In the given example, it initially appears that there is no evident unconscientious attitude on the part of the contracting parties. Nonetheless, considering that insurance contracts rely on the utmost mutual trust and the principle of integrity between the parties, the insurance company should have, in the spirit of integrity, warned the insured of the mentioned issue during the contract signing process.
This is important because the insured probably wasn’t informed about it and likely had different expectations as a result.
In summary, we can conclude that for the insurance contract to be established and become effective, there’s a requirement for both Articles 806 and 816 of the Civil Code to coexist simultaneously. It would be beneficial if these two regulations were consolidated into a single article, while also specifying the timeframe within which the insurer must make the initial insurance payment, commonly known as the premium (ideally, this should be determined on the same day as the contract signing). This step aims to simplify the contractual arrangements between the parties and minimize the potential for legal disputes in the future.
In this regard, the situation is different in German law, which distinguishes three stages of the beginning of insurance: the “formal” commencement of the insurance, which coincides with the conclusion of the contract by the parties, when all essential conditions are agreed upon, the “technical”' initiation of insurance, wherein the contract is considered finalized based on the date specified in the record or policy; and finally, the “material start of insurance”, where the contract is considered to commence from the moment the insured pays the insurance premium.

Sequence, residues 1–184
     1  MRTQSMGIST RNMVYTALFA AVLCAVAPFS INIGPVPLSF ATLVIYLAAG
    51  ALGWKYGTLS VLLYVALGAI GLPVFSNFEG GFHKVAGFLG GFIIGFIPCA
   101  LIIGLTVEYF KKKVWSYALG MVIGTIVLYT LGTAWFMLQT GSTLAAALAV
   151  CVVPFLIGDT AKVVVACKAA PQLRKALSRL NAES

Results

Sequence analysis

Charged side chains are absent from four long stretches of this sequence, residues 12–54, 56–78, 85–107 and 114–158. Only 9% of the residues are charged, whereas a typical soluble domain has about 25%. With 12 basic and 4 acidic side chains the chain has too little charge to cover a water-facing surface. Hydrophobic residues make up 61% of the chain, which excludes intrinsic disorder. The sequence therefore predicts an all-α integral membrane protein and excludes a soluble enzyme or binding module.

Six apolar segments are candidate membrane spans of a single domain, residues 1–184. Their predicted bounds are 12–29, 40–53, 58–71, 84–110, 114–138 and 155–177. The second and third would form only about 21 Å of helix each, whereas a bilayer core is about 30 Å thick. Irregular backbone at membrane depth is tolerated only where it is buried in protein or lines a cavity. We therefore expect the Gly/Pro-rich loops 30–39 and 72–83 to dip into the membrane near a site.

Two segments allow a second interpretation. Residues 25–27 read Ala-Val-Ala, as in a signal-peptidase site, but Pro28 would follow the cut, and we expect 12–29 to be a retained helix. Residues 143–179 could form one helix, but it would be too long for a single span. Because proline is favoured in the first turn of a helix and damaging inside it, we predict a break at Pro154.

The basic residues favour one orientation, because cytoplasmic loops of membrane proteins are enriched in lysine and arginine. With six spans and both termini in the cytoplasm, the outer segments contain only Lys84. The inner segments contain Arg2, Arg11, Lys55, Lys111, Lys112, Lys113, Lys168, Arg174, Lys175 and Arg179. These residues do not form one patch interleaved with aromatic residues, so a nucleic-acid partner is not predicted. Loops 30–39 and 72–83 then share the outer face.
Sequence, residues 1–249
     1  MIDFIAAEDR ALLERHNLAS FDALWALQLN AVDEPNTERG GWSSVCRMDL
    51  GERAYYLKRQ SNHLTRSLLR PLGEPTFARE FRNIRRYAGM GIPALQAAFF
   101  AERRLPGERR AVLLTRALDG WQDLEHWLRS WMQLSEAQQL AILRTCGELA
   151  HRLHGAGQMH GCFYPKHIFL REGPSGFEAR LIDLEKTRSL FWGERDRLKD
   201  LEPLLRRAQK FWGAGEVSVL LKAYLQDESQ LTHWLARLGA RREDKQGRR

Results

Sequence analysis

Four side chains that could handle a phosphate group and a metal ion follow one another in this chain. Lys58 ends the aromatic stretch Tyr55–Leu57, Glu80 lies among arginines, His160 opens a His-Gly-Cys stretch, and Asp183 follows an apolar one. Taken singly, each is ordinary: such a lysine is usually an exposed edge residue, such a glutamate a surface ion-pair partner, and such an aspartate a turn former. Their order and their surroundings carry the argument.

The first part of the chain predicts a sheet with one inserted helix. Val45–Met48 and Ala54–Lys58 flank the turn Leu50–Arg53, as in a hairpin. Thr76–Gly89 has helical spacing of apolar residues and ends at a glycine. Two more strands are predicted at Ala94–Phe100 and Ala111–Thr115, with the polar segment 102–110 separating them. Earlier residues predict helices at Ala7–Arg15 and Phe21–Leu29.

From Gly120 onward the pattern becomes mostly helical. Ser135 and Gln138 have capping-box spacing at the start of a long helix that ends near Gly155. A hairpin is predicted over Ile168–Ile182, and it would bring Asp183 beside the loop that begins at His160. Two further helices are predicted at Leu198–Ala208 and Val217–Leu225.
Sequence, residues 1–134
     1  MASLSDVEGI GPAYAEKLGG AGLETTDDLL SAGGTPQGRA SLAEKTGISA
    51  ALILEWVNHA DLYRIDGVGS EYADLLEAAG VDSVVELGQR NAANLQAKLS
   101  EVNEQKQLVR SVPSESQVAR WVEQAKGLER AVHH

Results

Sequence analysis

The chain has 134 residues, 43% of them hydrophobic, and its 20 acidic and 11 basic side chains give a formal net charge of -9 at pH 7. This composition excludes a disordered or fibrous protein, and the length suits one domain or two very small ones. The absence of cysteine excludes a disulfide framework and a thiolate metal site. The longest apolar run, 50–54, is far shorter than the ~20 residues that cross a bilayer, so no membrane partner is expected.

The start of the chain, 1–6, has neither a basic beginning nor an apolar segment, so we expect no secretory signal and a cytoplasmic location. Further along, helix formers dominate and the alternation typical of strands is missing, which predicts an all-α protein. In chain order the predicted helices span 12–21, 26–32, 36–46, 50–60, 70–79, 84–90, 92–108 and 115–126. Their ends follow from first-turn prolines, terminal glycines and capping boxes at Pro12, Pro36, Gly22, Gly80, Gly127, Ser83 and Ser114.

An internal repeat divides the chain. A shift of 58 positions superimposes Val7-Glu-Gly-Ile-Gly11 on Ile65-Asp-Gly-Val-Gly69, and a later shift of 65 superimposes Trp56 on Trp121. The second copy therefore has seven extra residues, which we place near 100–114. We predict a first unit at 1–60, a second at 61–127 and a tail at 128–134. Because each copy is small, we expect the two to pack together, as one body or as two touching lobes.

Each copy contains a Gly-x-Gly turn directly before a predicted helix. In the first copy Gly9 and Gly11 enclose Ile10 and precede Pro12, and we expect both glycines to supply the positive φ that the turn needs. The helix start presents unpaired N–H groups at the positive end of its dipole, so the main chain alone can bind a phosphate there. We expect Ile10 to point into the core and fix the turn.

Chapter II. Insurance Value
When discussing the principle of integrity in insurance relationships, it is appropriate to consider the issue of insurance value. This is because the principle of integrity holds particular significance in insurance law when evaluating the insurance value.
The insurance value represents the monetary amount at which an individual’s life or health is insured. It is determined through an agreement between the parties, considering the insured risk. Meanwhile, an insurance assessment (or value) is the evaluation of the insured object expressed in monetary terms. It’s interesting to note that “while property insurance restricts the insured amount to the value of the insured object, in contrast to the aforementioned, life insurance places no such limitations. In the case of life insurance, the coverage is unlimited and is solely determined by the agreement of the parties involved in the contract, which is logical given the priceless nature of human life”. However, on the other hand, this flexibility that we enjoy in setting the insurance value for personal insurance carries a certain element of risk, for instance, in the case of life insurance, when insurance is carried out within the limits of a substantial sum insured, the risk of artificially (unfairly) causing an insurance event naturally increases, which primarily endangers the insured and their life. In such a case, obviously, we have the composition of the crime, which is punishable by law, but to protect the insured’s life and health from such cases as much as possible, I believe it is necessary for the legislator to define the scope of the insurance value even more strictly, and in each specific case, before signing the insurance contract, a thorough analysis, study, investigation, and personalized approach to each insured object should be conducted prior to signing the insurance contract, we can also use an illustration from the United States, where if an individual consumes even a few cigarettes daily, or half a pack, they are categorized as smokers and may not be able to sign a life insurance contract with the company at all, or receive it but within the limits of another insurance amount (far more expensive or more in a smaller amount than in the case of a non-smoker).